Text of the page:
Roxanna Snead explains Braehead Farm's agritourism  best practices to the Young Farmers Summer Expo participants.

Young Farmers Tour Visits Fredericksburg’s Braehead Farm

by | Jul 30, 2016 | Business

By Susan Larson. Photos copyright Fredericksburg Today.

Virginia Farm Bureau’s (VAFB) Young Farmers visited Braehead Farm in Fredericksburg on July 29, 2016, as part of their 11th Annual Young Farmers Summer Expo, held this year at the Fredericksburg Expo & Conference Center. Young Farmers is comprised of 18 – 35 year-olds who support agriculture through production, education, promotion, advocacy and leadership.

“Young Farmers is all about networking,” said Jon Hegeman, immediate past chairman of American Farm Bureau Federation’s Young Farmers & Ranchers and a conference speaker. “Twenty-seven percent of the U.S. population works in agriculture feeding 98 percent of the U.S. population,” he said. “Diversification and networking is extremely important in the agricultural business, because it’s no longer about small town, family-owned farms.” He said agricultural businesses have to “operate as units.”

Casy Phillips, a third generation dairy farmer and member of Virginia Farm Bureau’s District 3 committee, said most farms can’t make it today without diversifying. Dairy prices are so low, he’s added pick-your-own sweet corn to Phillips Dairy in Radford, Va., and is considering adding sunflowers. “I’m excited to see Braehead has sunflowers,” he said. “I want to hear how they’ve incorporated them into their business.”

George and Roxanna Snead opened Braehead Farm in May 2013. The 28 acres they own, plus the 56 acres they lease back, are part of what used to be the Snead family’s dairy farm. Emmett C. Snead, Sr., was renting historic Braehead Manor — now a bed and breakfast located within the Fredericksburg and Spotsylvania National Military Park — when he purchased 200 acres from the estate in 1937. George’s father Emmett C. Snead, Jr., began a dairy farm on the land.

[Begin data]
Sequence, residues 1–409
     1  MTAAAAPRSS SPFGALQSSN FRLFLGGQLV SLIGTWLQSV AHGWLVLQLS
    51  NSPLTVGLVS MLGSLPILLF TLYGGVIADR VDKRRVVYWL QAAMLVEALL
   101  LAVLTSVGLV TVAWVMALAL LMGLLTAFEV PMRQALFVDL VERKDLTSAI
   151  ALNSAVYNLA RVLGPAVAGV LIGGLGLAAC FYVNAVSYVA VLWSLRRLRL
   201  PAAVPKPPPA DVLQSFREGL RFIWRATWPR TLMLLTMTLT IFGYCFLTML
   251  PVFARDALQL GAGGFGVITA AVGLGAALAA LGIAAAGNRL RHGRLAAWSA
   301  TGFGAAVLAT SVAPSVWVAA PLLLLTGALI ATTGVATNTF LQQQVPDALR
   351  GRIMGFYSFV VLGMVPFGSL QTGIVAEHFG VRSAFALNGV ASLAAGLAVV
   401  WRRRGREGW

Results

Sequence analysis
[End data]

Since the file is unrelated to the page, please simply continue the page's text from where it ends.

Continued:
“The biggest challenge we had opening our business was zoning,” Roxanna told the Young Farmers. “We wanted events and children on the farm, and it took us 18 months working with city planning to get all the approvals in place,” she said. Just this month, directional signs were added to Route 3. Now they’re saving the $20,000 they need to hook their lines into the city sewers, so they can replace their portapotties with public restrooms. Good relationships with local government are important, she said.

George talked about the importance of diversification. “You have to have lots of people to make it,” he said. The Sneads have a multipronged approach to keep people coming year round. These include pick-your-own crops, a market store of farm-produced and locally sourced foods and products, seasonal events like the Fall and Easter Festivals, educational tours for schools, barn rentals for community and private events, and admission to their farmyard playgrounds and animals.

“A good website and a good person to run your educational programs are vital to agritourism,” Roxanna said. She said their best advertising comes from the school groups who visit. “You get 150 kids out here who go home and tell their families, and that’s a lot of people potentially coming back.”

Staff education is also important. “We tell our staff this is Disneyland to our guests,” she said. It’s important everyone working keeps the place spotless, communicates consistent information to guests, and knows emergency protocols, she said.

Most of all, building a business takes time, Roxanna said.

Braehead Farm, located at 1130 Tyler St. in Fredericksburg, is open daily from 9 a.m. to 6 p.m. (9 – 5 in the winter). They are closed Christmas Day and New Years Day. Admission is free to pick produce to purchase in the market (all produce is sold by the pound) and shop the market, which includes meat, dairy, produce, baked goods, local honey, jams and jellies, lunch and ice cream.

Admission is $5 (under age 2 are free) for the Playgrounds in the Barn Lot, which features farm animals; play barns with hay, swings and slides; and sand piles and corn pit with trucks and toys.

During the conference weekend. Young Farmers also visited Greenline Service Corp., Silver Ridge Farm, Battlefield Farms & Nursery, Belmont Farm Distillery, Cedar Mountain Stone, Mt. Pony Farm, Atlantic Hay, Fresh Tulips USA, Miller Farms Produce and Brooke Farms.

The Virginia Farm Bureau Federation, an affiliate of the American Farm Bureau Federation, “is a non-governmental, nonpartisan, voluntary organization committed to protecting Virginia’s farms and ensuring a safe, fresh and locally grown food supply.”

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